Any album which begins with the same bells tolling as AC/DC and John Lennon has some big boots to fill! From the first chord, Irma Vep (named after the movie?) sets the scene as a guitar based soundscape, shoe-gaze, psychedelia, band hailing from Wales and Manchester and delivering a solid album off the back of a few years on the touring scene. There are a few stand out moments from the album which gives a modern take on psychedelia, but overall leaves a really strong imprint that this band really know how to deliver a strangely relaxing, chilled out set of songs and soundscapes.
The titular track is a powerhouse of an instrumental, reminiscent of the kind of simple chord progression made famous in the 60’s and in the psychedelic rock genre. The musicianship is interesting enough to hold your attention, a real skill given the simplicity of the instrumentation and song form.
‘Hey, You!’ is a fine track showing some of the song writing skills at play underneath the noise and the overdriven effects. ‘The Moaning Song’ follows and is a real highlight to the album, being an engaging, track which gives out an almost post-modern Spanish vibe dishing out plenty dissonance, intriguing lyrics and vocal melody, delivered over an arthritis-inducing picked guitar. The repetition which builds to the climax of the song is a really fine example of what Irma Vep deliver.
‘You Know I’ve Been Ill’ hits out at the listener with a quaver driven change of pace, with a more traditional song format and a more radio friendly track from the album. More radio potential follows with ‘Still Sorry’ which balances beautiful instrumentation and distorted effects all in one neat package, bringing the album to an effective close.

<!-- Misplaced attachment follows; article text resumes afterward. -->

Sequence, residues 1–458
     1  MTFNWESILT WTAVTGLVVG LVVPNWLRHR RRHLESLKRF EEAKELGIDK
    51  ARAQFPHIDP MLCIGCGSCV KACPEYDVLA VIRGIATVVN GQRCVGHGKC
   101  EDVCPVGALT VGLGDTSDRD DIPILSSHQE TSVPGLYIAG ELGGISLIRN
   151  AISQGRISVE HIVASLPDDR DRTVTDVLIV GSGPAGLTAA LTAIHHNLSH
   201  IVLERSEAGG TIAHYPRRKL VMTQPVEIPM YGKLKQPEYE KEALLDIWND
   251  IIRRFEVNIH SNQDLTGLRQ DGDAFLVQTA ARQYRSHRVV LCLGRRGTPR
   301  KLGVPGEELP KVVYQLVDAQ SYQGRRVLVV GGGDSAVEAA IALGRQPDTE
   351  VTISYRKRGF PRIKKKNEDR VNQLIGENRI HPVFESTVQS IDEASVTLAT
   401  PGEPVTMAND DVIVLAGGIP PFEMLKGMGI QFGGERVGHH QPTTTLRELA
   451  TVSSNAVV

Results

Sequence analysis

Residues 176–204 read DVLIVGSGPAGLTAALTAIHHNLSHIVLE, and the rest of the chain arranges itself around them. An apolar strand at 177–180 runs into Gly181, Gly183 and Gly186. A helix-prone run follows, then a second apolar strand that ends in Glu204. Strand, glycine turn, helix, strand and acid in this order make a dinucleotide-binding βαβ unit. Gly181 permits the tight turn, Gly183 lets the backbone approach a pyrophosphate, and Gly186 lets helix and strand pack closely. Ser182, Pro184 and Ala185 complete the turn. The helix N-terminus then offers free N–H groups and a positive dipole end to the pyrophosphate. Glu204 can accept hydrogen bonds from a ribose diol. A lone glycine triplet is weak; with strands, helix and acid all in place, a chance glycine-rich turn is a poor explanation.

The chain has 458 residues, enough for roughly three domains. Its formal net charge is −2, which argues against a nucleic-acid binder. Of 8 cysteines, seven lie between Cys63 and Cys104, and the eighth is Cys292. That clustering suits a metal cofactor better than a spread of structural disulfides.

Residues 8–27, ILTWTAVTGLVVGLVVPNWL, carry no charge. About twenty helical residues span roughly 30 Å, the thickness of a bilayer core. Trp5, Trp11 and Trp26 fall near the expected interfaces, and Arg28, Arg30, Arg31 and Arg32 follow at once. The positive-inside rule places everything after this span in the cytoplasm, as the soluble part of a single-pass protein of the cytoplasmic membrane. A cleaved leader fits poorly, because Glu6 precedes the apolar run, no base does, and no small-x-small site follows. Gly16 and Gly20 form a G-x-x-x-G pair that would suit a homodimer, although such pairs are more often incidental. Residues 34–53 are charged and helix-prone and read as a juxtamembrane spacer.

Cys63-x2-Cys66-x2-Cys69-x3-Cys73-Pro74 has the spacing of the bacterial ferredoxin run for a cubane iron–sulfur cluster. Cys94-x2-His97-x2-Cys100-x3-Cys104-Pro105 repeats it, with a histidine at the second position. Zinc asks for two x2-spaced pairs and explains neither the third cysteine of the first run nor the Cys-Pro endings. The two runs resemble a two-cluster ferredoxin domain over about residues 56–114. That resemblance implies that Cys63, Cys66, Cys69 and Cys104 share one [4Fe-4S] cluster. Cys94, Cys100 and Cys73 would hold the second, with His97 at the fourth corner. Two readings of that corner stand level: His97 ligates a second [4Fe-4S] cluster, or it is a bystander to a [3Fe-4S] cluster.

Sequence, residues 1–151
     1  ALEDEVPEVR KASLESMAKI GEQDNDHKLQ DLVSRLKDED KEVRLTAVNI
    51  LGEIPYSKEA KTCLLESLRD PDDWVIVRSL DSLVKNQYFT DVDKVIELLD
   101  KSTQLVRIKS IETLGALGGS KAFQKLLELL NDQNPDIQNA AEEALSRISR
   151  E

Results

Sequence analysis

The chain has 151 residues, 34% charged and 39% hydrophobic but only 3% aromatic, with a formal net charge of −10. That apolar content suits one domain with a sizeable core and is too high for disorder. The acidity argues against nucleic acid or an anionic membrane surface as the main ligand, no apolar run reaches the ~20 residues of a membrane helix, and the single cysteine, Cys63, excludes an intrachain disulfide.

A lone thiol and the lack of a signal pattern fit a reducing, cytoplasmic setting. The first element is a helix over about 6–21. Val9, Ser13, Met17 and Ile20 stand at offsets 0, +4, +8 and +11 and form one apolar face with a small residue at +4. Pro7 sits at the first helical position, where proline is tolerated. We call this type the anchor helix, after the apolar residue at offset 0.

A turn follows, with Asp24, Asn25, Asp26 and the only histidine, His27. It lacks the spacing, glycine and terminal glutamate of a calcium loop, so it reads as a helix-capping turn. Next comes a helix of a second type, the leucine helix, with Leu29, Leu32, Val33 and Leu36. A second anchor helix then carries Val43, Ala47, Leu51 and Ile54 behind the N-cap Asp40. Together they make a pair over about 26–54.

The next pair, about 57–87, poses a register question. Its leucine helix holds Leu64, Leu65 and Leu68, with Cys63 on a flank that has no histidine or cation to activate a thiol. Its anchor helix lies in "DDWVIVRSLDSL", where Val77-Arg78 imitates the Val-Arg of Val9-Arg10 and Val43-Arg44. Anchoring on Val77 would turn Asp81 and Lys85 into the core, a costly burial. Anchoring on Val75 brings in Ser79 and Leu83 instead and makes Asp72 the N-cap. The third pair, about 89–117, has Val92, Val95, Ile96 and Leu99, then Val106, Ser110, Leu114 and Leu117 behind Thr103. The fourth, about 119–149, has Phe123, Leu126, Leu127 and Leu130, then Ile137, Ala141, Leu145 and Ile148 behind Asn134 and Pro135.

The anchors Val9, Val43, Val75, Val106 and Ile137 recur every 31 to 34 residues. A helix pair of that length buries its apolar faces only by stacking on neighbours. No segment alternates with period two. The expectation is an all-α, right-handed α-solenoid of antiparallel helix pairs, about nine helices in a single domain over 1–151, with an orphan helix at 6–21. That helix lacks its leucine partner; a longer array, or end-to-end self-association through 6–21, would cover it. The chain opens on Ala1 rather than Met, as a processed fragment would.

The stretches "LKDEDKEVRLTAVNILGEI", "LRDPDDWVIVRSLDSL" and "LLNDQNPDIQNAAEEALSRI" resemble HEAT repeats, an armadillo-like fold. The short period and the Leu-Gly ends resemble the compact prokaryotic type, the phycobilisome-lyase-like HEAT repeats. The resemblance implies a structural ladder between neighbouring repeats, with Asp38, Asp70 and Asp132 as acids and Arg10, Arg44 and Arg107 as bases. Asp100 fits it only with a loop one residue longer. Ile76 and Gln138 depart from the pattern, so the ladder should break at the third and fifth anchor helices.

The production on the album is generally very heavy and if you like the sound and feel of the heavier end of the Velvet Underground then you will very much enjoy this sound. There is one track on the album which appears to be a live track, ‘Hey, You!’, and overall, the production is a very thoughtfully executed dirty sound and does the trick nicely of accompanying the feel and scope of the album.
The tracks all tend to feature a lot of repetition and rather than this making them boring, it makes the lyrical content and the delivery all the more interesting. Despite songs often being based on a few chords, they never fail to entertain and engage. The vocal parts are interesting and delivered with passion and feeling. The band come across very well on record, but I suspect they really hit their stride when performing live and I hope they make their way north again sometime soon.
I'm a trumpet player and fan of all kinds of music but jazz and classical are my bae.
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